We last saw Panthers quarterback Cam Newton in Week Two, against the Buccaneers. As the Panthers engage in the rematch against Tampa Bay in London, it’s fair to ask whether we’ll ever see Newton with the Panthers again.
He’s still recovering from a foot injury, and the team is 3-0 without him. He’s not in London, and he hasn’t attended any of the games played in his absence.
On one hand, they want to keep Cam off his injured foot. On the other hand, he can sit on the bench and help Kyle Allen, sharing his views on what the defenses are doing, how the offense is operating, what he sees via the images on the Microsoft Surface tablet.
But Cam is instead out of sight, and he could end up being out of mind — especially if the Panthers keep racking up wins without him. NFL Network’s Willie McGinest suggested during the pregame show that this is now Allen’s team, and that Newton won’t be back next year.
As hot takes go, this one is far from scalding; it felt like an up-or-out year for Cam from the get go, given that he’s under contract only through 2020. After 2019, the Panthers need to decide whether to extend Cam or to move on, with a lame duck year likely not feasible for anyone. Newton will make $18.6 million in the final year of his second deal, so maybe the contract is tradeable. Or maybe they’ll just have to cut him loose.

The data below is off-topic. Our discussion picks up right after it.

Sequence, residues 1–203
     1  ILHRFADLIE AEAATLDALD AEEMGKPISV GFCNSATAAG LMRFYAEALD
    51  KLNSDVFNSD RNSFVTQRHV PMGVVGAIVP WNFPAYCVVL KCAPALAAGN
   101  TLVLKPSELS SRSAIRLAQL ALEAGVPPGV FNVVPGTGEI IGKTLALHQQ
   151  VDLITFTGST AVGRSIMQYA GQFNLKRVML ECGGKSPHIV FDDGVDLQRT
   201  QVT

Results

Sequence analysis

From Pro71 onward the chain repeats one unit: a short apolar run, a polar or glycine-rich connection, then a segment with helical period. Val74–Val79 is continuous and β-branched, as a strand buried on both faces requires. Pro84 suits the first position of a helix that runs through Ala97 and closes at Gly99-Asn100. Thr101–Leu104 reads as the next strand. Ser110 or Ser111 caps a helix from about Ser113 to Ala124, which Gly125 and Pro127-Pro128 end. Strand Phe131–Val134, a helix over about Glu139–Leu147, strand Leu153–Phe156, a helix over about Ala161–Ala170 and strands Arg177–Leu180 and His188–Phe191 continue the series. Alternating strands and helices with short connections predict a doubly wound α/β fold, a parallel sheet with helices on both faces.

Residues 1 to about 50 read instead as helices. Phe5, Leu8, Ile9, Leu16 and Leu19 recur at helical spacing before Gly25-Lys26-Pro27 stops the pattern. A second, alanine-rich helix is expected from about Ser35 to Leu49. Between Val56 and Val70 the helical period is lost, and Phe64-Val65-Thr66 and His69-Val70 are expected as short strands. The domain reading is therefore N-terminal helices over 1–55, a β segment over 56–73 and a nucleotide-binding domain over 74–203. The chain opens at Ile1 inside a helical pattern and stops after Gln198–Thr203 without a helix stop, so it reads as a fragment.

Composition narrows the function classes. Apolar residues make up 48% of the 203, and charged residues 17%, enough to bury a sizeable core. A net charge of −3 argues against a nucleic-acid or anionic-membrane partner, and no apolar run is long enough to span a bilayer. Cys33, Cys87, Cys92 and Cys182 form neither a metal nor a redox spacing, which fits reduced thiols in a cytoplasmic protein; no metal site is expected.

This isn’t a question of skill when healthy. It’s a question of when will he be healthy and can he stay healthy? Just as the shoulder was supposedly back to 100 percent, Newton suffered a foot sprain. And the constant angst regarding whether the Panthers are using him enough as a runner or too much or just enough is something they simply don’t have to worry about with Allen, who can just run the offense, with heavy reliance on running back Christian McCaffrey.
Given that the top of the quarterback market will pass $40 million by next year, the Panthers could choose to keep Cam around, ride him while he’s healthy, and switch to Allen if need be. But they’ll also need to pay McCaffrey in 2020, given that he’ll undoubtedly (and rightfully) stay away until he gets the financial security he deserves, before the tread flies off his tires.
The real question for Cam is whether the tread is already gone. It very well may be, which sets the stage for a significant decision in early 2020 — especially if the foot injury keeps Newton away from the team for the balance of 2019.